USCB name change proposal draws mixed reviews from students

September 11, 2010 

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USCB Student Government President Luke Kerr-Dineen, left, stands outside the campus center with Vice President Taylor Mason on Friday afternoon at the Hilton Head Gateway Campus. They object to plans to change the school's name to USC Sea Islands.

SARAH WELLIVER

  • To learn more about the name change discussion, visit uscb.edu/identity.

A proposal by University of South Carolina Beaufort officials to change the school's name has become a hot topic for students, playing a part in last week's elections for the student Senate.

"Everybody is just up in arms about it," said Luke Kerr-Dineen, student body president.

"It took a lot of students by surprise and caught a lot of people off-guard," said Chris Moyer, student body treasurer.

When the newly elected student Senate meets for the first time Friday, Kerr-Dineen said he expects one of its first agenda items will be a resolution on the issue.

Discussions about replacing the "Beaufort" in the name with a broader description of the region gained momentum this summer.

The university and its branding committee plan to decide later this month if it's worthwhile to move forward with market research to test the current name against new possibilities, said Lynn McGee, the university's vice chancellor for advancement.

Kerr-Dineen said students are divided on the issue.

Some, like Erica Moore and Darlene Casuga, like the name the way it is.

"What's the point?" Moore asked. "(USCB) is simple, it's easy and that's who we already are."

"I don't think it's necessary," Casuga said of the proposal. "They should just promote what's good about USCB and not focus on changing the name."

Others, including most members of the Student Government Association's Executive Board, see a need to broaden the school's appeal by developing a better description of the region, particularly since most classes are now offered at the campus in Bluffton.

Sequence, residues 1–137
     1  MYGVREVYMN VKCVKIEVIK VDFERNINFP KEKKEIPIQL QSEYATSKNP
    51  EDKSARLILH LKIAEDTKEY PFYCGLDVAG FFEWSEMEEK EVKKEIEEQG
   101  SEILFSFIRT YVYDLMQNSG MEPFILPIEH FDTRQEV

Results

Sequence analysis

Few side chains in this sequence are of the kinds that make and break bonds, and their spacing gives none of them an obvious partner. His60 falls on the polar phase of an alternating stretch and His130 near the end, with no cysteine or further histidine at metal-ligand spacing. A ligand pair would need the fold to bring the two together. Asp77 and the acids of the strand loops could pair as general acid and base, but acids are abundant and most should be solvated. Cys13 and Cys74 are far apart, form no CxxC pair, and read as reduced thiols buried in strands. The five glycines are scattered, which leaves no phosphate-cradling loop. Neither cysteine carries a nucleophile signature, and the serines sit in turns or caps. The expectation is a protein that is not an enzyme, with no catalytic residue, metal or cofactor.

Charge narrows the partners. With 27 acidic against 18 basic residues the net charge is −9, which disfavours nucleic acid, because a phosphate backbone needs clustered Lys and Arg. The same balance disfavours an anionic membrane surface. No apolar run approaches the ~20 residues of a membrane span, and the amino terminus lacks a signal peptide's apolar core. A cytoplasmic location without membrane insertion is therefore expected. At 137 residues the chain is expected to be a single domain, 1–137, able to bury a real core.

"We're bigger than Beaufort now," said Taylor Mason, student body vice president.

But Kerr-Dineen said most students -- even those that support a name change -- are speaking out against the alternative presented by university officials: University of South Carolina Sea Islands.

He said some think the name is tacky while others call it misleading because the campuses aren't actually on islands.

He says the acronym -- USCSI -- is too similar to the name of the popular television series "CSI: Crime Scene Investigation."

Sea Island is also the name of a resort in Georgia, he said.

"It makes the school sound like a vacation," said student Whitney Tresvant. "We're not a Sandals resort. The tone totally changes."

But from a marketing perspective, student Erin Cothran thinks "Sea Islands" could entice more students to learn about the school.

"I think it has a nice ring to it," she said.

Cothran said many unfamiliar with the Lowcountry don't know what "Beaufort" means. But seeing the word "island" on a brochure might prompt potential students to give the school a chance, she said.

Some students have suggested alternatives to the "Sea Islands" name.

Vice Chancellor McGee said she is keeping a list of those suggestions and will present it to the branding committee for review.

Among the names students have offered are USC-Atlantic, USC-Lowcountry, USC-Palmetto Coast, USC-Southern and USC-Hilton Head.

A name change ultimately would have to be approved by the University of South Carolina's Board of Trustees and wouldn't take effect until at least next fall, McGee said. She said that organization would consider student input -- and probably request official statements from student leaders -- before making the decision.

Chancellor Jane Upshaw plans to meet with interested students Wednesday and Thursday, and McGee also has offered to talk to student groups about the reasons behind a name change.

McGee already met with the representatives of the Student Government Association and plans to talk to the student Senate this week.

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